The whole network is the computer

The whole network is the computer

Summary: While U.S. companies hoard bandwidth in favor of cable TV or obsolete voice applications, Sun Wen in Beijing will be in the fast lane, slurping that power down as fast as thought.

SHARE:
TOPICS: Oracle
5

Let us now praise wealthy men.

Well, one wealthy man. Specifically, Jonathan Schwartz, COO of Sun. (And about the wealth crack, Jonathan. If you buy the drinks when we meet you're wealthy in my book.)

Jonathan's entry from Monday, entitled The Network is the Computer, bears re-reading. He is pointing here to the coming launch of Sun's on-demand supercomputer, dubbed The Sun Grid.

He's right. The Network is the Computer. Google proves it. Salesforce.Com proves it. Sun has been saying it for years, and we believe it because it is true.

Trouble is, that great supercomputer Sun is about to turn on is just the CPU, just as Google's server farm is just a CPU. And a computer, any computer, is not just a CPU.

The link between a user and a networked computer is its input-output rate. This is the bottleneck to all other progress. There are ways in which we can try and get around this -- by storing data centrally -- but your input-output speed defines your ability to query the central store and get answers from it.

When Jonathan Schwartz is sitting at his desk, or at any desk within the Sun empire, he gets great connections. Sun's internal network works very, very fast. Maybe he can connect that way from home, I don't know.

But if he came to my house, and probably to yours, it would not be so nifty. What the Bells and cable companies are willing to sell as "broadband" is, compared to what's available elsewhere, pathetic. On the other hand, according to The Diffusion Group, Asia will have some 40 million Fiber to the Home customers in four years. Quoting from their release:

"Yes, this may sound crazy to European or North American operators offering 1-10 Mbps," says (analyst Frank) Marum. "However, many Asian operators are concerned that emerging usage models will require between 60-80 Mbps of consistent throughput. When you start to pipe a wide variety of bandwidth-intensive, two-way services over a broadband connection, the head room of a 30 Mbps connection can vaporize quickly."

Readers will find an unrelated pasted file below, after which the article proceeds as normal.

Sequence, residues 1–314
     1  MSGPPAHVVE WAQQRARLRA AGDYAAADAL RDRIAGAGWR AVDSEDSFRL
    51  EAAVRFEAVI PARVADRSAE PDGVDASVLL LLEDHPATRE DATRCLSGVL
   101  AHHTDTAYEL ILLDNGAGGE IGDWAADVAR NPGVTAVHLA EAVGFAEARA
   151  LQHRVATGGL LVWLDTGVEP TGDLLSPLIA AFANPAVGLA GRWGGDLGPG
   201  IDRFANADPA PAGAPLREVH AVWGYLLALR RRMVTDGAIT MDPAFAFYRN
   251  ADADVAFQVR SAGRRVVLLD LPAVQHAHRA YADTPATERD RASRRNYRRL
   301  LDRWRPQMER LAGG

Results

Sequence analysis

What does this mean? It means these customers will have a "better" Sun Grid than I do. While U.S. companies hoard bandwidth in favor of cable TV or obsolete voice applications, Sun Wen in Beijing will be in the fast lane, slurping that power down as fast as thought.

The Network is the Computer. Which means all of us need to start taking the condition of the network -- and the bottlenecks which prevent its improvement -- seriously.

Topic: Oracle

Kick off your day with ZDNet's daily email newsletter. It's the freshest tech news and opinion, served hot. Get it.

Talkback

5 comments
Log in or register to join the discussion
  • Right on

    Have you ever looked at the weird collusion between SBC (renamed ATT) and Yahoo! SBC offers Yahoo! broadband and somehow controls your Yahoo! access. In other words the username/password for your DSL modem is the *same* as your Yahoo account. Too strange.
    RStiennon
  • Grid into your home

    Smart ISPs may be already on the Grid path to offer pipes into the home (Verizon) and maybe home entertainment via Grid based Virtual Private 'On Demand' Servers will lead the way.

    With just a Thin-Client connection into the Home or Office, application Grid servers can purvey a wide range of product and service offerings leaving the bulk of processor loads at a remote Grid ISP provider locations.

    Imagine your Virtual PC being on the net, housed on a Grid--dispensed in utility fashion on demand like, you know, electricity.

    Imagine.

    Am I being far fetched?
    D T Schmitz
    • You Shouldn't be...

      No, that's not far-fetched. Or it shouldn't be.

      The problem is that the Internet roadways are being blocked. The Bells are deliberately withholding bandwidth from the market, shifting it to defined billable services things like TV, refusing to even re-sell it, and using the law to knock all competitors out of the market.

      If you're depending on the phone company to make your dreams come true, it's a bad bet.
      DanaBlankenhorn
  • Test

    (tap tap, test...test..hey, is this mic on?!)
    Where is everybody? Hello!
    Nope. Nobody here. Huh. ;)
    D T Schmitz
  • Bandwidth Bandwidth

    That's nice of them keeping the bandwith from their CPU bandwith subscribers.
    I wonder what those Asians do with all their bandwidth. Bandwith is great. I just wonder what they are all doing with it.
    zdnet reader